The former prime minister of Ukraine wants to fight corruption with a blockchain

The former Prime Minister of Ukraine, Yulia Tymoshenko, who is currently running her presidential campaign, wants to fight corruption through blockchain technology. At least this is apparent from her post published on her Facebook account.


Tymoshenko states that modern Ukraine is still immersed in “total corruption”. Then she explains that her party is trying to fight such pathologies of the state, which after the so-called The “Orange Revolution” mentally did not become part of Europe and is still close to Russia.

Blockchain a cure for corruption?

And here comes blockchain. The former prime minister mentions new technology as an effective tool for public administration. According to Tymoshenko, in order to prevent corruption, state registers should be stored in a blockchain network.

The blond-haired lady politician, among other things, urges national courts to protect against political influences or to quickly sue officials who accept bribes and violate antitrust laws. She had already called blockchain the ideal technology to fight corruption, which she spoke about at the technology forum in Kiev last June. She explained then:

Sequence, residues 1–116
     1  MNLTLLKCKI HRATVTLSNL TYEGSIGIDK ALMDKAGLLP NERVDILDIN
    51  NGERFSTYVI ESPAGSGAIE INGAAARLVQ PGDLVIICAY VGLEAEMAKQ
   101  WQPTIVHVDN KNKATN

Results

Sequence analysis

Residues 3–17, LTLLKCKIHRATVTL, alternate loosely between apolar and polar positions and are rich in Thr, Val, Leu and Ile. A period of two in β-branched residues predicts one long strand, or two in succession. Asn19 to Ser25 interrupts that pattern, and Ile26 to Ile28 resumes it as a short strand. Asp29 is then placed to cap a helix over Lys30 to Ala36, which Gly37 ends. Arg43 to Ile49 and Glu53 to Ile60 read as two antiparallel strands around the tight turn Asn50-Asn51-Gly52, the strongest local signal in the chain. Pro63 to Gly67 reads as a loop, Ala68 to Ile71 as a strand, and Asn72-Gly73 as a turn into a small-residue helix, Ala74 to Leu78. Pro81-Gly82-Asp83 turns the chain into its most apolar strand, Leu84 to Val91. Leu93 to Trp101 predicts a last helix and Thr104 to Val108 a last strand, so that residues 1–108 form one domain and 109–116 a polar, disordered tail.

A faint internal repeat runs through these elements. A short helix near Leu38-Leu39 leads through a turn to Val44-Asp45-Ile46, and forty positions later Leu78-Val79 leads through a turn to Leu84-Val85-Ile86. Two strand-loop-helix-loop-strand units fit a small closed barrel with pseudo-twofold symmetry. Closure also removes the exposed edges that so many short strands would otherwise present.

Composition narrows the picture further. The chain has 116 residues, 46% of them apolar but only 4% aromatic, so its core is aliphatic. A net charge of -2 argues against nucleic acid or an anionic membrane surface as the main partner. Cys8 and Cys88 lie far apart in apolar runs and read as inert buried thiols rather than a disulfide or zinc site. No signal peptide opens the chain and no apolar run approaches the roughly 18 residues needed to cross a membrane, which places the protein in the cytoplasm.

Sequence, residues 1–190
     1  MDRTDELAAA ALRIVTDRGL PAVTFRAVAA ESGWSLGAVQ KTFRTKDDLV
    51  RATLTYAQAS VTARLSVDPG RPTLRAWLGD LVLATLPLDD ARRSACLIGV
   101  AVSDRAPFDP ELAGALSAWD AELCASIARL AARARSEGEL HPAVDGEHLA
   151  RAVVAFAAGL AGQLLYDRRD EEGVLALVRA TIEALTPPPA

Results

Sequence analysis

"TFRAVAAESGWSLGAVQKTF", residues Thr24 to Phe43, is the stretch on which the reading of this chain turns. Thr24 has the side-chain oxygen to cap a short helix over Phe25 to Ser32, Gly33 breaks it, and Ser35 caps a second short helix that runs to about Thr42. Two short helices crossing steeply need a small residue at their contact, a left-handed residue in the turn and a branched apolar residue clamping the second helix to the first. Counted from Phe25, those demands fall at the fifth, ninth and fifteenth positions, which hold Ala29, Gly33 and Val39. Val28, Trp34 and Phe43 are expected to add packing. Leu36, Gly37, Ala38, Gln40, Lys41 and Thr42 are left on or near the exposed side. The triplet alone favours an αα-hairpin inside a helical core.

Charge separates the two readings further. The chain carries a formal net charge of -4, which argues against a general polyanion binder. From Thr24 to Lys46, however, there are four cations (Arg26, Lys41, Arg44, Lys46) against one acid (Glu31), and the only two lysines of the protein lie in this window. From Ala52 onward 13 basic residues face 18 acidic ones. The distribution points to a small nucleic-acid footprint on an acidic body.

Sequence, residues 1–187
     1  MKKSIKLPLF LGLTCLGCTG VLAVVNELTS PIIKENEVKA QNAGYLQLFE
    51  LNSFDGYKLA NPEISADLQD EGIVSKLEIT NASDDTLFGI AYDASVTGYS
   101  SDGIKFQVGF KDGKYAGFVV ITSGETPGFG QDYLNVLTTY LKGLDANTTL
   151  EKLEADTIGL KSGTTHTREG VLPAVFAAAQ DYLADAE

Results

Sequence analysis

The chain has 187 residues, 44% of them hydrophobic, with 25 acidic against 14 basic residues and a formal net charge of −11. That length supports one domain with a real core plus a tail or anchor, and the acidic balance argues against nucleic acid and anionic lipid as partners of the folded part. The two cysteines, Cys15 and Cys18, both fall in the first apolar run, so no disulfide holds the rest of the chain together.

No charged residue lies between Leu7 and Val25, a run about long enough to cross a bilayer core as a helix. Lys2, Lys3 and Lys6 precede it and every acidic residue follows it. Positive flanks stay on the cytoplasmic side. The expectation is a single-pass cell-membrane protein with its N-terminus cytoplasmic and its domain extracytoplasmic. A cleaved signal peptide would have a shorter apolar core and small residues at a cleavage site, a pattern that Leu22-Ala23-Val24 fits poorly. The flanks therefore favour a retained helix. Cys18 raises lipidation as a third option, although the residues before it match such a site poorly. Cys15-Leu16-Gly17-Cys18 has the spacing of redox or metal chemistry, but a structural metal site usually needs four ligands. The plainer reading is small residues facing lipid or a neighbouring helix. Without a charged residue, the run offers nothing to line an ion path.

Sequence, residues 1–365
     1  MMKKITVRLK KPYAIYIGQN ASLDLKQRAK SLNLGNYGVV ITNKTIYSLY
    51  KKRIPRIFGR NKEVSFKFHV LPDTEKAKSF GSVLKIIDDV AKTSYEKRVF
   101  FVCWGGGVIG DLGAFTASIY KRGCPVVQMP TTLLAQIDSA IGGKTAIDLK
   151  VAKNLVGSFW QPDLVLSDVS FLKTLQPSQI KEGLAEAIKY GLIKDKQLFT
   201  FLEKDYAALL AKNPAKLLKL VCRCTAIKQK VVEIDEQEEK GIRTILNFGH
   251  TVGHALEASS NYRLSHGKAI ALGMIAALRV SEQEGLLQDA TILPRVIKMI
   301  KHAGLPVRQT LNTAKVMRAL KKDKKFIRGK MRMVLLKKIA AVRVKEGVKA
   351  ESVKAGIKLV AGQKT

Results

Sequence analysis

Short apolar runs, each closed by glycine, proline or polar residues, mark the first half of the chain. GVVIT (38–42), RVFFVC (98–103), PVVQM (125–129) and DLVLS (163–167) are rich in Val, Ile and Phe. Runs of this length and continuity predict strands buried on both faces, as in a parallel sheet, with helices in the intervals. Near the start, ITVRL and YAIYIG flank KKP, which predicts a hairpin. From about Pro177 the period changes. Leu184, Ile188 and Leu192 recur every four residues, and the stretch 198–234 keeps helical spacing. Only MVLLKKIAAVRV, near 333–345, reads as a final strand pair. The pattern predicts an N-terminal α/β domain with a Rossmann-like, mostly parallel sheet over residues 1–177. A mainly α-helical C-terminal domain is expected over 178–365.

“Blockchain is an ideal anti-corruption technology, as evidenced by international practice.” To completely eliminate corruption in public registers and protect the personal data of every citizen, we must transfer all administrative systems to blockchain. ”

Tymoshenko was the Prime Minister of Ukraine for the first time in 2005. However, she quickly lost office. Then she returned to power by the end of 2007. This time she ruled until the beginning of 2010. In June 2018 she announced her candidacy for the Ukrainian president in the elections to be held in 2019.

Will e-hryvnia rise?

Ukraine is now considering the issue of a digital currency – a state e-hryvnia, which would be based on blockchain and linked to the national fiat currency, ie the “paper” hryvnia. Proponents of this idea expect that the national token will increase the rate of non-cash payments and reduce their cost.

In August, the Ukrainian electoral commission also conducted a trial of a voting program, which was based on 28 nodes blockchain of NEM cryptocurrencies. Aleksander Stelmach, head of the state register at the Central Election Commission of Ukraine, said that officials and IT specialists “are continuing a series of experiments using blockchain technology in electoral voting.”

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